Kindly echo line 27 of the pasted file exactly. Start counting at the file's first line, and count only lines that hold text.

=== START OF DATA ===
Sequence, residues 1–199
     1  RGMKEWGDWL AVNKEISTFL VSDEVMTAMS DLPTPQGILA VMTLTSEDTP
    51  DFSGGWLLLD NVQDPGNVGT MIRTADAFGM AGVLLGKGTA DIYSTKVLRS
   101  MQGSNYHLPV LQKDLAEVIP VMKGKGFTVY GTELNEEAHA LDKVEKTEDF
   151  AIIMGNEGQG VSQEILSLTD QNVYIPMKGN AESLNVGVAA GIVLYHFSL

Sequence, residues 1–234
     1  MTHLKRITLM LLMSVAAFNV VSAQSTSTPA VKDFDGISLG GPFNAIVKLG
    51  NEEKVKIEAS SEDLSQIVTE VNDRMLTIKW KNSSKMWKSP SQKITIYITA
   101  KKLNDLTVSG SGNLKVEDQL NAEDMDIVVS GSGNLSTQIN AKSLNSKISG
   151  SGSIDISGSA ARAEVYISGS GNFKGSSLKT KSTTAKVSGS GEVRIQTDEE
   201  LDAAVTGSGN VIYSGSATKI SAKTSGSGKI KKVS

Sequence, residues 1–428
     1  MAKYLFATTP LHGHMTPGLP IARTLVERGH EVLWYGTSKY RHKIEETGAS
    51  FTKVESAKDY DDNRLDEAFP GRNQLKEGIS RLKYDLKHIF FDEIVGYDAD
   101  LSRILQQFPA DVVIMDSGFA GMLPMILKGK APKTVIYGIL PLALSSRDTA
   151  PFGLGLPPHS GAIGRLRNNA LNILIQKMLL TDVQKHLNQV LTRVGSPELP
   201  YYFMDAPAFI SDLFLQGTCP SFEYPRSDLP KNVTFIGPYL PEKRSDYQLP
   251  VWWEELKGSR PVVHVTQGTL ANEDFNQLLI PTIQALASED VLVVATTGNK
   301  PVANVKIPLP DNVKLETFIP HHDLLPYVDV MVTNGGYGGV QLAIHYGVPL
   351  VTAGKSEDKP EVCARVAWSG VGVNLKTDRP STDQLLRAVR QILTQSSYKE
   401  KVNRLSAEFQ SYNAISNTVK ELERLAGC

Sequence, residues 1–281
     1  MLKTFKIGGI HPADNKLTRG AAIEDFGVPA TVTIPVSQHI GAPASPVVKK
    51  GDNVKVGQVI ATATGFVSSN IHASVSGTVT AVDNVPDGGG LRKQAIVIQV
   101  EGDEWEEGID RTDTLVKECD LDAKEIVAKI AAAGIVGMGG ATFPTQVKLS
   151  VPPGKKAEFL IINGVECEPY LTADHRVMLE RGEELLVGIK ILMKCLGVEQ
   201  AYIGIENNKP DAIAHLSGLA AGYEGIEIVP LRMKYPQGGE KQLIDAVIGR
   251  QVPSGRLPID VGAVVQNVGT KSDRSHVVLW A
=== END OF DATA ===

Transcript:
   201  AYIGIENNKP DAIAHLSGLA AGYEGIEIVP LRMKYPQGGE KQLIDAVIGR